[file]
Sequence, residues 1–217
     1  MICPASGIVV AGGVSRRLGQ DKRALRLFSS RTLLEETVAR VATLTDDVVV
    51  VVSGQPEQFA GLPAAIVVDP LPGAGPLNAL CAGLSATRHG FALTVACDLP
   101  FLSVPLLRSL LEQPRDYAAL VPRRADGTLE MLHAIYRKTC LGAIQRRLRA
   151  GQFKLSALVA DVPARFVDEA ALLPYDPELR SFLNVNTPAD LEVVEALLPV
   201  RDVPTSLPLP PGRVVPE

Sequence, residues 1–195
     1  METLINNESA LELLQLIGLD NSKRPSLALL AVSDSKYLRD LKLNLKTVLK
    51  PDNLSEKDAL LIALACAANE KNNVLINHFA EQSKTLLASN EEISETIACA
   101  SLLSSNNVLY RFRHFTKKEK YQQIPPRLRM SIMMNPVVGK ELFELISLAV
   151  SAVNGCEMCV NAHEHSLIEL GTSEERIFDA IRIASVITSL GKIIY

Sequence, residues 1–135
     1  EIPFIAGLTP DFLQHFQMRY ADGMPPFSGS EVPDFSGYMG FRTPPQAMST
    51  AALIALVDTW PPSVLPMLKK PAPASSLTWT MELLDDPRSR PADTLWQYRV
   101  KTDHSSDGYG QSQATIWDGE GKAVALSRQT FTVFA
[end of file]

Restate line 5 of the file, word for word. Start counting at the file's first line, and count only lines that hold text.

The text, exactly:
   151  GQFKLSALVA DVPARFVDEA ALLPYDPELR SFLNVNTPAD LEVVEALLPV